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7 Comments

Filed under Apple, Apple Mac, Computing, Internet, Marketing, Media, Music

7 responses to “Amazon launches music download killer to challenge iTunes

  1. James Bailey

    You do know that FairPlay is only on files where it is required by the labels, right? You do know that the 1.29 price was also forced on Apple by EMI, right? Apple and Steve Jobs have asked all music labels to drop their DRM requirements.

    The simple reason that iTunes has 6 million vs. 2 million tracks is because the other 4 million haven’t been allowed to be released without DRM. Are you going to blame Amazon or Sony, Universal and the other members of the music cartel?

  2. mark

    Do note that Universal’s DRM-free songs are only on Amazon as part of a trial, and could disappear early next year, or could appear with a new price once Universal feels confident enough to walk away from the 99 cent point because iTunes’ dominance has been broken. Amazon seems willing to sell songs at any price the labels ask of it.

    So do note that some songs on Amazon are 1.94, going all the way up to 3.87. That’s songs, not albums. Those prices are likely set by the labels, not by Amazon.

    And do note that Universal refused to offer its DRM-free songs to Apple because Apple refuses to budge from its 99 cents-is-the-highest-price-for-a-single rule. However, Universal couldn’t even speak the truth but instead had to phrase its refusal as being a “control” for its experiment. The experiment being conducted to break Apple’s online dominance and its push for DRM-free music.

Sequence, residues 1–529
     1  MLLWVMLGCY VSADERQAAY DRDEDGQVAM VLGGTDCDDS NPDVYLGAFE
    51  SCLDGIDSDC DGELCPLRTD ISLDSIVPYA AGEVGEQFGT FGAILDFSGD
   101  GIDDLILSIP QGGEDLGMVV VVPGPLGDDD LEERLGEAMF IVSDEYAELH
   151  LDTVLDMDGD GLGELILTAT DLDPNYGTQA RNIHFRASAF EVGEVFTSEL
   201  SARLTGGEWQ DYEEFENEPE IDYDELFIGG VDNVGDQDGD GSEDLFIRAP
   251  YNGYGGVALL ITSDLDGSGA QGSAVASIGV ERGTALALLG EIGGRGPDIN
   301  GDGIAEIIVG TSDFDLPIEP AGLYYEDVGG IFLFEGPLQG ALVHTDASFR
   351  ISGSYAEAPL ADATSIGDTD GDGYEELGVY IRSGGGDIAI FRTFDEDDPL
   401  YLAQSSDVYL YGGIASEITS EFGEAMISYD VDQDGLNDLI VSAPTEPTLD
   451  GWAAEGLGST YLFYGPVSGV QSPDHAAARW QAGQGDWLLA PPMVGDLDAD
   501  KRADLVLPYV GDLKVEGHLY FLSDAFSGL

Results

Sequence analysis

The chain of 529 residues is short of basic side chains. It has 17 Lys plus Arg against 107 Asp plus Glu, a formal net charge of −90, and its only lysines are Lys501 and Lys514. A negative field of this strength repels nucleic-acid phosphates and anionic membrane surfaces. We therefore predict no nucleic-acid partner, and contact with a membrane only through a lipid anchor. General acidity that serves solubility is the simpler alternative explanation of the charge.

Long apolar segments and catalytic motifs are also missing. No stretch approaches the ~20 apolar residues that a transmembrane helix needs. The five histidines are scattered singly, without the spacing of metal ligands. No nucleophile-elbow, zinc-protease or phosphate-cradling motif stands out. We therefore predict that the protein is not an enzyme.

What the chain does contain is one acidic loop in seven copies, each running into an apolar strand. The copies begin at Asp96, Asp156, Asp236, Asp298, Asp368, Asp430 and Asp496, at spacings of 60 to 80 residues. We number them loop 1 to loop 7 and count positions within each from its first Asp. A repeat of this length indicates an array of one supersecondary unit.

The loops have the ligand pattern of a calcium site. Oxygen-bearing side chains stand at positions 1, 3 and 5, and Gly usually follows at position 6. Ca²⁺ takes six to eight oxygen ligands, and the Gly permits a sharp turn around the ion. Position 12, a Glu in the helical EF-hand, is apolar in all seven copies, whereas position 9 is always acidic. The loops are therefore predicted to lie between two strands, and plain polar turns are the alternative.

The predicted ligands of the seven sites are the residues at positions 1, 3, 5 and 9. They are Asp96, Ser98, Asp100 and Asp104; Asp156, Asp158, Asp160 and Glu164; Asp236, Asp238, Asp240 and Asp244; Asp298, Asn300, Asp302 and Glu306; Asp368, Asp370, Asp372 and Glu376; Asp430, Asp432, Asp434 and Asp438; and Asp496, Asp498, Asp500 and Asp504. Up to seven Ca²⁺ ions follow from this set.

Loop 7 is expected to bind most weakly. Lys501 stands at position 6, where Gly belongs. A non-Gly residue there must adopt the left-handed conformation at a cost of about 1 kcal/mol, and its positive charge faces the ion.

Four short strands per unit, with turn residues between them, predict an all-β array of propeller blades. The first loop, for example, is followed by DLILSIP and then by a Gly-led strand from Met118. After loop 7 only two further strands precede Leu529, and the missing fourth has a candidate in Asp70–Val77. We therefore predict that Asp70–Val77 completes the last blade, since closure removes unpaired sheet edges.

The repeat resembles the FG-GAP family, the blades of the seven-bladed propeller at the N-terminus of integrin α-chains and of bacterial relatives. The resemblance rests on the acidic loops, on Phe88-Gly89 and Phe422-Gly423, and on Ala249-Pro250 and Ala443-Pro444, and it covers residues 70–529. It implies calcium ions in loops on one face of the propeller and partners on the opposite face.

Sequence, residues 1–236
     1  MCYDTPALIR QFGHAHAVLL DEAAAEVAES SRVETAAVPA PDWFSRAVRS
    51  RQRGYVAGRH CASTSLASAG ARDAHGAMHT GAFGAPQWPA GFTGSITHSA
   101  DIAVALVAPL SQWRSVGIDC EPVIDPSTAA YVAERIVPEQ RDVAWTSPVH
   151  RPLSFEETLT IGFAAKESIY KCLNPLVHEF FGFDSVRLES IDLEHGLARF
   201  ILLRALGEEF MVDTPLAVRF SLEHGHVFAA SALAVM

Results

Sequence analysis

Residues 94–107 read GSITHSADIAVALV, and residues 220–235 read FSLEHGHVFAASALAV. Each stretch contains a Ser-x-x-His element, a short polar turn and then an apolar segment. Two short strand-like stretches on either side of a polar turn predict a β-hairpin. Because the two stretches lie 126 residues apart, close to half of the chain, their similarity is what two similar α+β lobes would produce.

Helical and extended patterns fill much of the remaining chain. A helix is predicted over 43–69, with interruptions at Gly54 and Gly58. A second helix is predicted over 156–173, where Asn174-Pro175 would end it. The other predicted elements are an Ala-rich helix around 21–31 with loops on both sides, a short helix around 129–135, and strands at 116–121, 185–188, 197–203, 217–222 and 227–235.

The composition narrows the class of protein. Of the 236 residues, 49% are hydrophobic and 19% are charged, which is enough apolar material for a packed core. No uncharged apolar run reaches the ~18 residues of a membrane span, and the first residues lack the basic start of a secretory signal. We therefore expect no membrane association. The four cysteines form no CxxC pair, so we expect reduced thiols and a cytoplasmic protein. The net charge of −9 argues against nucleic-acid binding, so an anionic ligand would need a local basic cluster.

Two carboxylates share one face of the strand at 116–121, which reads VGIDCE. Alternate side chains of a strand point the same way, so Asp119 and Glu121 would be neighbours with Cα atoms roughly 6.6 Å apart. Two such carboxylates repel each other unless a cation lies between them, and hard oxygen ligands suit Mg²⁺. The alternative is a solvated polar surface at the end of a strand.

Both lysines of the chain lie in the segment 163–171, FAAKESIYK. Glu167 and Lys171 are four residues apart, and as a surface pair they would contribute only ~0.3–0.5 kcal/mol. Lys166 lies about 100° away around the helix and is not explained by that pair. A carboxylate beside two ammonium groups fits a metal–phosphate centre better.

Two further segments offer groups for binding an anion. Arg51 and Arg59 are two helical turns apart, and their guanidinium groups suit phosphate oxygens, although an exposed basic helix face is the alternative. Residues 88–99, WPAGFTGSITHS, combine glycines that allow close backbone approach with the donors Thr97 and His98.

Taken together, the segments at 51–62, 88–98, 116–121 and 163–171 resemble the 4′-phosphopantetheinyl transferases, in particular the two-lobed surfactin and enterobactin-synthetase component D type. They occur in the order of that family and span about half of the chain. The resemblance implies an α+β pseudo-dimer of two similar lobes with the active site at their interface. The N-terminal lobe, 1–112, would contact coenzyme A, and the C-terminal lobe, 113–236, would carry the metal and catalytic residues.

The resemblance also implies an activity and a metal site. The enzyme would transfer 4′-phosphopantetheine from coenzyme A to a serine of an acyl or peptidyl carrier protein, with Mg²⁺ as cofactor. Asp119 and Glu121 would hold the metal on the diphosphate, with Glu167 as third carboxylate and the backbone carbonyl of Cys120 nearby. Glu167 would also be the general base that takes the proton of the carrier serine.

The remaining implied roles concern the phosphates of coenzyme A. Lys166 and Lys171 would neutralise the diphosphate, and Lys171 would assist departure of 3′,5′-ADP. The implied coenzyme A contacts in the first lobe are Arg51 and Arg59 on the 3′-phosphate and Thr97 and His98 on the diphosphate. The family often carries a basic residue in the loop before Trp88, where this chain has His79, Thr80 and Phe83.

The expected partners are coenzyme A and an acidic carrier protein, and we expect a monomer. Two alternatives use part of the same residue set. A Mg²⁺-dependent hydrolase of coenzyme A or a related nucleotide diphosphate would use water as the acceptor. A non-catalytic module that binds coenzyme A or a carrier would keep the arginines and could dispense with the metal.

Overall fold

So go ahead and buy from Amazon. Just recognize that there could be unintended consequences come 2008.

  3. nineslashes

    I think Amazon and iTunes are struggling in same league, but with different intensions. Amazon approaches the consumers with a really wide product range while iTunes is focused in downloads, music, audiobooks etc. I may be wrong, but I don’t think Amazon is really challenging iTunes here, this may be more a move to strengthen Amazon’s place. There’s a long way to go before iTunes steps down and something else takes the lead.